Court Finds Government Violating Obligations (Again) to Children in Family Detention

June 28, 2017

Washington D.C. – Last night, a U.S. District Court condemned the federal government for continuing to disregard critical protections for children in detention. Since the summer of 2014, the government has detained thousands of mothers and children fleeing violence in Central America. Although the longstanding Flores settlement guarantees minimum standards for the detention, release, and treatment of children in immigration detention, the government has failed to comply with the settlement.

Two years ago, a civil rights organization, on behalf of immigrant children, brought suit to enforce the Flores settlement. In July and August of 2015, U.S. District Court Judge Dolly M. Gee said the government must apply the settlement to all minors, including those detained with family members.

However, the government still refuses to comply with the settlement. According to the judge, the government is still holding children too long, in substandard conditions, and in non-licensed facilities.

The judge also ordered the government to identify a Juvenile Coordinator within 30 days of the order. The coordinator will report directly to the court on the government’s compliance with the Flores settlement. If the court is not satisfied with the government’s progress after one year, it may appoint an independent monitor.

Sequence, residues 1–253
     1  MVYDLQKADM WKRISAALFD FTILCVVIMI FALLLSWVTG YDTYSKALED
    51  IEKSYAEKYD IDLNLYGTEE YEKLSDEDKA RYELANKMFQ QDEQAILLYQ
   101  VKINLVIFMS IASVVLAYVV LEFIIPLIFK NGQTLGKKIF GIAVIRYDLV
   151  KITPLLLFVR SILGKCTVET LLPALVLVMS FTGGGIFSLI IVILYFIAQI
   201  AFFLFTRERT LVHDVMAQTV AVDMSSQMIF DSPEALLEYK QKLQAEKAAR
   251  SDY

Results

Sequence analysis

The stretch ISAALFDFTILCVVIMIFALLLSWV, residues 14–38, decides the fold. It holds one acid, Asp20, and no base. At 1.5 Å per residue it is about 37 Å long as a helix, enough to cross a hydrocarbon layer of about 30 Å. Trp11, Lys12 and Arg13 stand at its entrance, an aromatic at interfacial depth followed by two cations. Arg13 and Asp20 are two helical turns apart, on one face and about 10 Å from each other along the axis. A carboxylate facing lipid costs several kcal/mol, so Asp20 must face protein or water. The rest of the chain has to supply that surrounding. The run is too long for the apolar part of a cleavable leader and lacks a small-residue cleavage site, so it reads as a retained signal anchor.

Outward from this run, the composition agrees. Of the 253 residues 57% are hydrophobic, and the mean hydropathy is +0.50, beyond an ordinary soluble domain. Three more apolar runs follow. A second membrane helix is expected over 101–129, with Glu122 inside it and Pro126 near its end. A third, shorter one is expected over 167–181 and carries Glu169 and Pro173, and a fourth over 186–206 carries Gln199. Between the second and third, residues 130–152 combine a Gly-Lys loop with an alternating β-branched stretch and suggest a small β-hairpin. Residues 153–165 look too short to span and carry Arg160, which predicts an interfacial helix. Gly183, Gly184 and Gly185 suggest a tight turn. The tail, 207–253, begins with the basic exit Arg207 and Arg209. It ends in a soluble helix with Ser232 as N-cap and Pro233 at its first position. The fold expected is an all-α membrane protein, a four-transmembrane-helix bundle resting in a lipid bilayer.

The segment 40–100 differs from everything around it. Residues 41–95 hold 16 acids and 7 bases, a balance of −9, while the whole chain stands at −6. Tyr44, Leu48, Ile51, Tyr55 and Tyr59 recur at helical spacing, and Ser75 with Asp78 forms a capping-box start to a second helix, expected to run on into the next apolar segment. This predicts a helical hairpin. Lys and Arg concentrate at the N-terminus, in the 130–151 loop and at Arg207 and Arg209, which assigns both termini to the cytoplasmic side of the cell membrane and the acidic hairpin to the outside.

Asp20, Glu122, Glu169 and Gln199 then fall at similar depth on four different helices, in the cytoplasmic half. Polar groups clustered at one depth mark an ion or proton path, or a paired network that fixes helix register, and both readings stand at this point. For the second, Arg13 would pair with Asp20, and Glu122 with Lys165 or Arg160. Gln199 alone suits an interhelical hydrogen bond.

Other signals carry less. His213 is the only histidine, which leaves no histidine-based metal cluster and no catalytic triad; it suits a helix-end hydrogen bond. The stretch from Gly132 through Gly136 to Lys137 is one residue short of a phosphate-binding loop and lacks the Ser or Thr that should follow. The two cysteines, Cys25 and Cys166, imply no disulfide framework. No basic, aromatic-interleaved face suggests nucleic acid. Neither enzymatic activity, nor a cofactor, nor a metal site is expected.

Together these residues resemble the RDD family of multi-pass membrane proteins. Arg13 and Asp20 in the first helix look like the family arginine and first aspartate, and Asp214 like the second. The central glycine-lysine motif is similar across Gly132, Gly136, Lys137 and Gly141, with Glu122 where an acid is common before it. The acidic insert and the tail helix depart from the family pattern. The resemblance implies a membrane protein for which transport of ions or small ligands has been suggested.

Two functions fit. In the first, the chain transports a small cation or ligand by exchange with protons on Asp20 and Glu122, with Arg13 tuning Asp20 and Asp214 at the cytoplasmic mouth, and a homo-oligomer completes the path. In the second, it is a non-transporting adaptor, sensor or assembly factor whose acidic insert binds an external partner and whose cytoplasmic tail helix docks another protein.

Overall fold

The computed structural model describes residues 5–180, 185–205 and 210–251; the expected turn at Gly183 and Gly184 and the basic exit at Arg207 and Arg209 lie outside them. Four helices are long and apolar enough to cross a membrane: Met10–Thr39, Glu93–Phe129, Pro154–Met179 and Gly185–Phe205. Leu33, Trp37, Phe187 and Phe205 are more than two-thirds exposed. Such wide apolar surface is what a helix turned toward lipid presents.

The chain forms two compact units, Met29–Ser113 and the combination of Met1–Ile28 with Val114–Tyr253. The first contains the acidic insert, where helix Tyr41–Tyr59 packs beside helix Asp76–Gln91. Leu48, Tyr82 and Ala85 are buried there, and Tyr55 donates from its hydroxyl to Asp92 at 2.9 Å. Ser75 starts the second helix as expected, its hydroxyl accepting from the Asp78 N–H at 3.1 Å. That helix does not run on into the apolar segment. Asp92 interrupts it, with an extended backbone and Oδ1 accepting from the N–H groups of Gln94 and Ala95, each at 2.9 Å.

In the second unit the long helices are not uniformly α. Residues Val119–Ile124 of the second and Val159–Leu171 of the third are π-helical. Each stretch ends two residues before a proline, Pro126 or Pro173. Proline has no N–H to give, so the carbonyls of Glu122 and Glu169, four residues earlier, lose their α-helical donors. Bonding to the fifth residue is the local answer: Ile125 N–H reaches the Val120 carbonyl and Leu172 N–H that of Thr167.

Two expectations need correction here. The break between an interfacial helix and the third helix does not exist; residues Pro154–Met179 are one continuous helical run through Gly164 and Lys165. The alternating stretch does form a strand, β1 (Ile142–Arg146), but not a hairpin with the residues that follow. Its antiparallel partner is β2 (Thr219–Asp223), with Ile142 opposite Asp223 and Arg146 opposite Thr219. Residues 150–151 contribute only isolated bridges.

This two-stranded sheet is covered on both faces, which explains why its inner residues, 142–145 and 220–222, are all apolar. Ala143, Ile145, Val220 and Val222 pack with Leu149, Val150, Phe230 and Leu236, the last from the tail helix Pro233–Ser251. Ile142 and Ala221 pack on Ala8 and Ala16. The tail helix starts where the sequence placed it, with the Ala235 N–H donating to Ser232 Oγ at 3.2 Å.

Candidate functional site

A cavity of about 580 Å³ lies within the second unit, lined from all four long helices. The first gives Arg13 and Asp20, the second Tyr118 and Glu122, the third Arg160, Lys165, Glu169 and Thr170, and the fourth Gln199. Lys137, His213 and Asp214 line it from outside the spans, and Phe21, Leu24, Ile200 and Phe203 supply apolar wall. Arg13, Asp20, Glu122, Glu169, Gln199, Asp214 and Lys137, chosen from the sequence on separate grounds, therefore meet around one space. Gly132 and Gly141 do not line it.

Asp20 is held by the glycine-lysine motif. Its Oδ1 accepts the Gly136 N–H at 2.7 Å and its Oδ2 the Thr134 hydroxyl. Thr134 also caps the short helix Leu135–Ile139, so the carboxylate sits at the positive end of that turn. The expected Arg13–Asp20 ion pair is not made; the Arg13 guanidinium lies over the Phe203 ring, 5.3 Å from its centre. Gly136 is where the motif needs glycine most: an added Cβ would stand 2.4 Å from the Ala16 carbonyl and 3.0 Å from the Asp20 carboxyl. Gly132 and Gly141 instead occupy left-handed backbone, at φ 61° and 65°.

“Two years later, we’re still fighting for children to be treated fairly. Meanwhile, tens of thousands of mothers and their minor children are being deprived of adequate food, clean drinking water, and proper sleeping and sanitary conditions. Then they are sent to unlicensed, remote detention centers, where they are held for far too long,” said Kathryn Shepherd, Family Detention Fellow at the American Immigration Council. “They are forced to overcome numerous obstacles to a fair day in court. This is unacceptable. The government must finally take seriously its obligations to care for and respect the rights of children.”


For press inquiries, contact Wendy Feliz at [email protected] or 202-507-7524 

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